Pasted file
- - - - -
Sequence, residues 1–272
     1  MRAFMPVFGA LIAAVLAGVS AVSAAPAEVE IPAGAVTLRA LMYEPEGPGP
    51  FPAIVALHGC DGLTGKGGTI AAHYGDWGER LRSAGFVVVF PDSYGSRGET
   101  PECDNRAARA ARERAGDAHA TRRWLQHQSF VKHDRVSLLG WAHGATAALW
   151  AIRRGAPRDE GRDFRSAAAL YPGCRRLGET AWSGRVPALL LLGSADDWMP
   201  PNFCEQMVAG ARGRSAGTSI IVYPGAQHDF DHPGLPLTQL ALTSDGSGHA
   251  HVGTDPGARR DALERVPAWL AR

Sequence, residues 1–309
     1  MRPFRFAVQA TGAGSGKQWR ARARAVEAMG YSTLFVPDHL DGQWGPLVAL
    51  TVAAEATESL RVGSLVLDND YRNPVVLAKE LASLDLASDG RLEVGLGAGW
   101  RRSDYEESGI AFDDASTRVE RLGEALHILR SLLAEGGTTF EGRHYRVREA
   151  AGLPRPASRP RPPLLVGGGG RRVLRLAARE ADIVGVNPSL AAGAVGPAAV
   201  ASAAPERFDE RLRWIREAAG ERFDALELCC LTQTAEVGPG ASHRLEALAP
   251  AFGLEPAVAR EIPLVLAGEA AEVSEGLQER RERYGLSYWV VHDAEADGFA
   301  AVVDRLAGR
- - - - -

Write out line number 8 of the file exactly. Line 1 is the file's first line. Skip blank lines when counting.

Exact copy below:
Sequence, residues 1–309